Asked about our itinerary, I explained my confusion about the Dandenongs – the mountainous, forested area to the north east of Melbourne, and the town of the same name, perhaps a dozen miles south of there. I didn’t know where my diarist had lived and worked, but I wanted to take a drive out to the town to see what it was like.
At that, one pulled a face and said, ‘Waste of time – there’s nothing there,’ while someone else explained that maybe there had been, but in the last twenty years or so, industry and suburbs had taken over.
It sounded disappointing, but I had to see for myself. Next morning we took our hire car and drove past the railway station on Flinders Street, and thence to view the army barracks at St Kilda, where Will had enlisted.
Clad in the deep autumnal reds of some type of creeper, the building faced a broad highway – the road to Dandenong and beyond. On the far side was a large park, the Royal Botanic Gardens according to our map. In the distance above the trees we could see what looked like a great pyramid. To Peter, it seemed odd, while to me it spoke of Egypt and Cairo, where Will and his compatriots had done their training before and after Gallipoli. We hadn’t planned it, but I had to investigate.
The building with its pyramid roof turned out to be a memorial chapel standing at the centre of a broad avenue, running straight as an arrow towards the heart of Melbourne. Dedicated to the fallen of WW1, it commemorated the place in the shadow of the pyramids where bands of tough but undisciplined young men had been turned into a force whose bravery was second to none.
Approaching with a view to going in, we were stopped by an official who explained that they were about to hold a civic service, and the chapel was closed to visitors. As we turned away, disappointed, the man hesitated, asked where we were from and why we’d come. In a few brief sentences we said we were tracing the footsteps of my great-uncle who had been in Egypt, fought at Gallipoli and on the Somme, and was killed at Ypres in 1917.
At that, the man asked Will’s name, checking that he was with one of battalions raised in the State of Victoria. I assured him that Will had enlisted with the 8th Battalion, but transferred, after Gallipoli, to the Machine Gun Corps. ‘In that case,’ he said, ‘his name will be here, in the chapel…’
We were dumbfounded – all the research into military records had been done through national archives in Canberra, and we hadn’t even thought of enquiring here, where Will had enlisted.
Glancing over his shoulder, and then at his watch, the doorman reached a swift decision and asked us to follow him. After the bright sun outside it was dim within; I had an impression of a great square with light at the centre, but there was no time to linger. With footsteps echoing – and hearts racing – we followed our guide along one side of the square to where a glass case held a massive book of names. I watched with breath suspended as the case was unlocked, the heavy pages turned, and our guide stood back.
Seeing Will’s name before me, in the Book of Remembrance – just across the road from where he’d been enlisted in August 1914 – was a moment so overwhelming, I couldn’t speak. Choked by emotion, blinded by tears, I just nodded and smiled.
‘The book will stay open at that page,’ our guide said gently, ‘until we’re asked for another name…’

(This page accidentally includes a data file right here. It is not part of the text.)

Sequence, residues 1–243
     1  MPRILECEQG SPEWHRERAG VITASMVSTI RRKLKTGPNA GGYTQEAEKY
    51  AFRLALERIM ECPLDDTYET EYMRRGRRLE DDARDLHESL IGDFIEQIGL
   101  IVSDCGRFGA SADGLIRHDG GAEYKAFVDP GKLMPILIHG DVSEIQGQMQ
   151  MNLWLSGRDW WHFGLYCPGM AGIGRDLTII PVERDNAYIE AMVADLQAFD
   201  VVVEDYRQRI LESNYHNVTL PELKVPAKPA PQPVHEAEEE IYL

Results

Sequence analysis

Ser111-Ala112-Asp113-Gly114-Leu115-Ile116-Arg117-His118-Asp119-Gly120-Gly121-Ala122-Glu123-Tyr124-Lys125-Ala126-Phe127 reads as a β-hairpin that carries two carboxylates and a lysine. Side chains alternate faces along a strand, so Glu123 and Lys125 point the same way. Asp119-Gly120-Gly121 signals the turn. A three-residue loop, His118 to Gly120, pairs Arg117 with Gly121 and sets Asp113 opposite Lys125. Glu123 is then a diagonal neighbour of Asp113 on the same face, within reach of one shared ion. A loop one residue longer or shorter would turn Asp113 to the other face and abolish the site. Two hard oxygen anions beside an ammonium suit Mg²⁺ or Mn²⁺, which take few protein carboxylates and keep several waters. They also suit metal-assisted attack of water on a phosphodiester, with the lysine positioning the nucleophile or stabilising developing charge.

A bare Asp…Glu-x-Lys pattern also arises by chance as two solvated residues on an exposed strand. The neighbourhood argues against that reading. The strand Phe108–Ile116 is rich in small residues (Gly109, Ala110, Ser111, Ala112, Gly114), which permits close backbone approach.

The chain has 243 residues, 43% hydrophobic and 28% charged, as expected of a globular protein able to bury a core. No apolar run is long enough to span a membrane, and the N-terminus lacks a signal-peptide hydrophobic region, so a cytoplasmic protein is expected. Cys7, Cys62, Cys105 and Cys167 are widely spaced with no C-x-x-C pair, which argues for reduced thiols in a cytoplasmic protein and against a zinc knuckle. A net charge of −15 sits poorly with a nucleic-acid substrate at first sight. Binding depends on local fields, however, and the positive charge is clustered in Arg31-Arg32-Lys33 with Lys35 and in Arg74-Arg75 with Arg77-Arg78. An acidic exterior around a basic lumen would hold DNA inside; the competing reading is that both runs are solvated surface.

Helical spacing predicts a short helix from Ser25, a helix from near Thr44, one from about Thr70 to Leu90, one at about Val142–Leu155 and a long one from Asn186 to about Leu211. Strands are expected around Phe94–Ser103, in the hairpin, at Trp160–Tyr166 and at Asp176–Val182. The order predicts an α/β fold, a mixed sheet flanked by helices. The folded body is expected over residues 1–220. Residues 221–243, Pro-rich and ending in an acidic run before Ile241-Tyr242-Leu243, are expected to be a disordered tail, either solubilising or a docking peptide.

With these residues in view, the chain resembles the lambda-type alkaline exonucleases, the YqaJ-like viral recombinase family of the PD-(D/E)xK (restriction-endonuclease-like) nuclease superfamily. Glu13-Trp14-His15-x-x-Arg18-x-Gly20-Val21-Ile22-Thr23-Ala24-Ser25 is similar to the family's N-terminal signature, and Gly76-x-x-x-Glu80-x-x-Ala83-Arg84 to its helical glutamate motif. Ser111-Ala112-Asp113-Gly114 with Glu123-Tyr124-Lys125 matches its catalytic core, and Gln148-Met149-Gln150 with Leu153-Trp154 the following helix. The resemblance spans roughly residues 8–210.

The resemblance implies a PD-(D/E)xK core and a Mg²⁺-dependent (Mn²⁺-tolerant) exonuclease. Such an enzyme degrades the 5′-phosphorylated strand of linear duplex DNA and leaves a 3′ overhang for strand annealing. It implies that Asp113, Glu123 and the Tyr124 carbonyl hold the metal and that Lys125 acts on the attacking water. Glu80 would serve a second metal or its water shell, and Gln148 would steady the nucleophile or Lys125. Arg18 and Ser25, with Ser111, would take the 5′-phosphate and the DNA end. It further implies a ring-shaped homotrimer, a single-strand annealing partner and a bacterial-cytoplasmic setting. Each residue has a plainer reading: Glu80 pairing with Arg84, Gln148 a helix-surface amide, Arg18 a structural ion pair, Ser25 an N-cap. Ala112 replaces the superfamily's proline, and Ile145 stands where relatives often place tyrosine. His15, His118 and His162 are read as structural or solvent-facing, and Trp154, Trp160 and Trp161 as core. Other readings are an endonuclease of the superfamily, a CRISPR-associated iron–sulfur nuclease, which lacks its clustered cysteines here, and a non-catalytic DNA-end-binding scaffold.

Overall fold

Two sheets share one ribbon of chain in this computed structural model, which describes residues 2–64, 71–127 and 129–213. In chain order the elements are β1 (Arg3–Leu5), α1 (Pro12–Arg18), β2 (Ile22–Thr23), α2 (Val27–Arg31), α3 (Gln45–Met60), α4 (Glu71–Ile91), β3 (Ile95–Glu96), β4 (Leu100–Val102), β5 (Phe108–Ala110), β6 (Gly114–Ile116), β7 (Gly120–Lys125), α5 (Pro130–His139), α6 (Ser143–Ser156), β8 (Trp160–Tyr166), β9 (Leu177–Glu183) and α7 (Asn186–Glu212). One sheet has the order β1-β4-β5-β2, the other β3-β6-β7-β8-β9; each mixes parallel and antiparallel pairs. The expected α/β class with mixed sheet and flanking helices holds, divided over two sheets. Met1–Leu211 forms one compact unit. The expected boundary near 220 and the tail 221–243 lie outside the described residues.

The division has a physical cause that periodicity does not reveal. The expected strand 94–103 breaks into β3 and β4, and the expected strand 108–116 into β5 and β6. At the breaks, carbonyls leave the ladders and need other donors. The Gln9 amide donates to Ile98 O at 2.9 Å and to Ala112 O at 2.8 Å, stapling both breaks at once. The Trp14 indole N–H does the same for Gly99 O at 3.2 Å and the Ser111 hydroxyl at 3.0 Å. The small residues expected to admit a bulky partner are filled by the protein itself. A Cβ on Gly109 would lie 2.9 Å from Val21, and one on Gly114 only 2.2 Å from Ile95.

We thanked him for his kindness, and hand in hand retraced our steps. Blinking in the sun, too moved for words, Peter and I walked on, across the grass, beneath the trees, noticing plaques here and there, commemorating battalions, companies and individuals. We even came upon a granite horse-trough, with a bronze plaque and poetic ‘Tribute to our War Horses,’ which had us reaching for handkerchiefs as we read, and laughing at ourselves as we said in unison, ‘Oh, Louise would love that…’
Amongst the trees just off the main avenue, I looked back at the Pyramid, thinking of Will, and the book now open at his name, and the stroke of luck that had taken us to the chapel in time to see it. The coincidence prompted a smile, but I felt sad to think of him coming all this way from York, to have less than a year in this wonderful country before signing up to fight and die in France. And now, as one of the fallen, his name was recorded here, 13,000 miles from his birthplace, just as it was on a War Memorial plaque in York. Not so much beginnings and endings, as circles, links in an unending chain. Here we were, more than seventy years later, following Will’s footsteps, and the journey wasn’t over yet.
Sighing, smiling at Peter taking photographs, I turned and patted the bark of the tree beneath which I was standing. ‘I wonder which one’s dedicated to the 8th Battalion?’
Chuckling at that, Peter threw out an arm: trees were everywhere we looked, lining the avenues, growing in small groups, mature specimens standing like sentinels, younger ones like this hornbeam beside me thriving in the sun. ‘Don’t be daft,’ he said. ‘We start looking now, we’ll here for weeks…’
Laughing, I agreed. As a matter of form I bent to look for a plaque. There didn’t seem to be one – but then Peter saw it, almost overgrown by grass.
I bent to see the inscription: Dedicated to the 8th Battalion…
Peter kept shaking his head. Yesterday Whitby and Captain Cook, today – well! He’d heard about the other coincidences, of course. He’d been bowled over by Carmen being from Melbourne, and that of all the publishers in London she was the first to read my manuscript. But for once he was directly involved – ‘on the spot’ as it were, when a coincidence happened. Or in this case two coincidences, one on top of the other. There was about to be a third.